Solid State Disks replacing Hard Disks for PCs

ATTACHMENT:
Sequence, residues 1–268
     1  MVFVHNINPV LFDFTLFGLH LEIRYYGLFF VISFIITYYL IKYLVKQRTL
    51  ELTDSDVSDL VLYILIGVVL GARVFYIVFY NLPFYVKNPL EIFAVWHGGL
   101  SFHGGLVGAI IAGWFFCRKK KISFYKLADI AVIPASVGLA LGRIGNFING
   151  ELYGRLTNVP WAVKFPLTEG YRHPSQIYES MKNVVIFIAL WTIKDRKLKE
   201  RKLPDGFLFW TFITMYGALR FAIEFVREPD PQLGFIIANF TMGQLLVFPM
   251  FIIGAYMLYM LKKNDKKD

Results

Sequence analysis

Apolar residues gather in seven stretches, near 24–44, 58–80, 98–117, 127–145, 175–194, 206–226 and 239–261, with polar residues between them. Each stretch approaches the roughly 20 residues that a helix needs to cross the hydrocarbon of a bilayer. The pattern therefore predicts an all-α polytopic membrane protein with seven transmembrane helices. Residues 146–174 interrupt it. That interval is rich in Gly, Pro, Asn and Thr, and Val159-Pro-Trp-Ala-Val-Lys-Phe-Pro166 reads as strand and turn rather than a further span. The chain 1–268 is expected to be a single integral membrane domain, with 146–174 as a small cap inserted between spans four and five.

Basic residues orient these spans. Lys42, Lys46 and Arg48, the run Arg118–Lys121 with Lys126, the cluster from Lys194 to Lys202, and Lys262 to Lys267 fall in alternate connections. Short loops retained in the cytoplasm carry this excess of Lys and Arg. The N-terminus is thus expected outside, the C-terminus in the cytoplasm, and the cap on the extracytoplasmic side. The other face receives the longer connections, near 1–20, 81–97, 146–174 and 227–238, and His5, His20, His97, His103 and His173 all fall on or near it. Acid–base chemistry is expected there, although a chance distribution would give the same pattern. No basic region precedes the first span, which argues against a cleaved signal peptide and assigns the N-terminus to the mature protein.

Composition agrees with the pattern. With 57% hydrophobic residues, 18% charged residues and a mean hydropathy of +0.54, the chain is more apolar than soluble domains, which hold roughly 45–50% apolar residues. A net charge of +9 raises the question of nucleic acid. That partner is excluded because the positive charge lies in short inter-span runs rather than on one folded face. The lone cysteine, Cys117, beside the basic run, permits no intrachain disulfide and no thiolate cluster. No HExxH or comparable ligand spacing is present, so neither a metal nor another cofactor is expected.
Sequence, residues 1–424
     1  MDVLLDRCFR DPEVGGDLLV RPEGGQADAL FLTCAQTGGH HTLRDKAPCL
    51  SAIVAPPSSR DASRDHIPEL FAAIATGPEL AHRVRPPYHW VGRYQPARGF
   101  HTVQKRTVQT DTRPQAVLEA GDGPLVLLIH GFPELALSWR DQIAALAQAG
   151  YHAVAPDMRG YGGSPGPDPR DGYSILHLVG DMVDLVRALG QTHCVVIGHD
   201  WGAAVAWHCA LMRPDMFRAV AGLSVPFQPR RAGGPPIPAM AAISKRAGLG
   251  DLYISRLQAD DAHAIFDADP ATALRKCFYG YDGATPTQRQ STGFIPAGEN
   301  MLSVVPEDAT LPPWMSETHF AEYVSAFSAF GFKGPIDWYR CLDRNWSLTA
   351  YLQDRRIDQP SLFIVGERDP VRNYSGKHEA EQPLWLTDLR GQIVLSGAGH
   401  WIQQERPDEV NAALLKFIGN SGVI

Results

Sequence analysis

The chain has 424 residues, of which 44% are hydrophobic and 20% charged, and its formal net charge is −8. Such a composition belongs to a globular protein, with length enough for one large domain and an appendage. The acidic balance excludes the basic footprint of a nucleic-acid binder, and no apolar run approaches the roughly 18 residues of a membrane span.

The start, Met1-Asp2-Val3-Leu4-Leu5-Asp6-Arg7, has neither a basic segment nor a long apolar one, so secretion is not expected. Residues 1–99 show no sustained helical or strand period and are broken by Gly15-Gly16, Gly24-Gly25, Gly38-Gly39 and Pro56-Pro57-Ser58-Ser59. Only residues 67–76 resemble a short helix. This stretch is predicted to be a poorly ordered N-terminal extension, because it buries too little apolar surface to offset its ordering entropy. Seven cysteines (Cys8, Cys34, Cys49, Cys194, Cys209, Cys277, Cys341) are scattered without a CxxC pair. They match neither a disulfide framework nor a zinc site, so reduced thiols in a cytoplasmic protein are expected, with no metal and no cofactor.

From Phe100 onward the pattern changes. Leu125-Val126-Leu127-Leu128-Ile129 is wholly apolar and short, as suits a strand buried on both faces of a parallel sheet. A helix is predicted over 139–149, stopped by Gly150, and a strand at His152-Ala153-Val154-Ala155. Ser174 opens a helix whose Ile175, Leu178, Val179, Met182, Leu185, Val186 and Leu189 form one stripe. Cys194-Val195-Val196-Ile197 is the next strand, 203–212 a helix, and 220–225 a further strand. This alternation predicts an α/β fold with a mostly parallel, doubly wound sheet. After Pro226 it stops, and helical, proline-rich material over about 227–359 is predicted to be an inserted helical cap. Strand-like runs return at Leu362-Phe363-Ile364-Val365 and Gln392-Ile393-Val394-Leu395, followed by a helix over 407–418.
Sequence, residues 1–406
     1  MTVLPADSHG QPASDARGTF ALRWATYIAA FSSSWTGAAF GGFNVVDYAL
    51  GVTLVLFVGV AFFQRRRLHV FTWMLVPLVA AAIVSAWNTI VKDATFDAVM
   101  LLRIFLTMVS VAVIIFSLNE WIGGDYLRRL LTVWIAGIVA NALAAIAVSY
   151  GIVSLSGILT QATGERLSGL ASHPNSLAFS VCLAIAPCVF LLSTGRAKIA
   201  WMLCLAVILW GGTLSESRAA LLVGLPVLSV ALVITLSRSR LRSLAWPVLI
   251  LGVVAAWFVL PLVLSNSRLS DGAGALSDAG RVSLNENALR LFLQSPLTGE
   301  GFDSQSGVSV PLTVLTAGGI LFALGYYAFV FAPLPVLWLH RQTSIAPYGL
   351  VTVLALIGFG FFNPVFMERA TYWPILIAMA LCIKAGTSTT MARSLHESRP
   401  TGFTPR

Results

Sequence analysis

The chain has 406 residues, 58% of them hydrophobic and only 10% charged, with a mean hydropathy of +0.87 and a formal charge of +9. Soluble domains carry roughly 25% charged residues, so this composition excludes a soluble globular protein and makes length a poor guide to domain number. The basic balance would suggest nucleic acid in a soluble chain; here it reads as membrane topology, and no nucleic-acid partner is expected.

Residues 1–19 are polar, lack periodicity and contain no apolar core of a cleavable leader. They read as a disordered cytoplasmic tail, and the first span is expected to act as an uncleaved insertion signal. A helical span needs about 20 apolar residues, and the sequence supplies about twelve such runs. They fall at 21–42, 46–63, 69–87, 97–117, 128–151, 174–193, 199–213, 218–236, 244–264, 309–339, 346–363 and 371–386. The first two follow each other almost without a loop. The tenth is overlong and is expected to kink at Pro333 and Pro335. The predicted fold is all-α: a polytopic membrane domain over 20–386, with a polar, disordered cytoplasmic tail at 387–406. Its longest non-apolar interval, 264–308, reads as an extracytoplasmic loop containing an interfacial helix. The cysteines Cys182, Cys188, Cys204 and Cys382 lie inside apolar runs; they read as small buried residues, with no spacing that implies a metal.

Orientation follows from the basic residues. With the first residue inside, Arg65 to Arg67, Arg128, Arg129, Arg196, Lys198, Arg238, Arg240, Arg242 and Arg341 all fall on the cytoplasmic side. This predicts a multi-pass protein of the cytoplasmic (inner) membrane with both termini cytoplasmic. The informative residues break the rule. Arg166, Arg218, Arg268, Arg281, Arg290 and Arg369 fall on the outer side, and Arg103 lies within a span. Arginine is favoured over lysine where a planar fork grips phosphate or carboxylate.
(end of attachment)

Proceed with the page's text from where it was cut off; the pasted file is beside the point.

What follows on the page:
Since the 1960s, specifically since 1956, the Hard Disk Drive (HDD) has been the main type of primary storage for online accessed data after replacing magnetic tape data storage. HDDs are direct access media, where a read and write assembly can find its cylinder, head, and sector. HDDs can also handle sequential files, and can operate 100s of times faster when disk files are processed sequentially. In its earliest stages, the capacity for an HDD was only a few megabytes of information while being the size of a picnic table. However, technology has improved to the point since then, where it is possible to have a 10TB capacity at the size of a kitchen sponge. The idea of how the HDD works is similar to that of an old record player in the sense that there is a platter which spins around a spindle at about 5,400 revolutions per minute. That being said, the latest advancement in data storage technology for personal computers is the Solid-State Drive (SSD). Though initially more expensive, the SSD is the new quickest medium of access to storage have become more and more affordable. The premise behind the SSD is that there are no moving or spinning parts and therefore cannot be slowed down from rotation and/or seek delays. This is because the SSD is an optimized version of flash memory by being an integrated circuit where computer chips retain information even while there is no power in the PC. Soon the SSD overthrow HDD technology, which is also becoming less expensive given that it is quickly becoming obsolete for PCs. This is mainly because of the market’s higher demand for quick random access as data becomes less and less needed. Therefore, it would be in the best interest of anyone currently owning a Hard Drive Disk PC, whether it is a laptop or desktop, to switch to Solid-State Drive technology.
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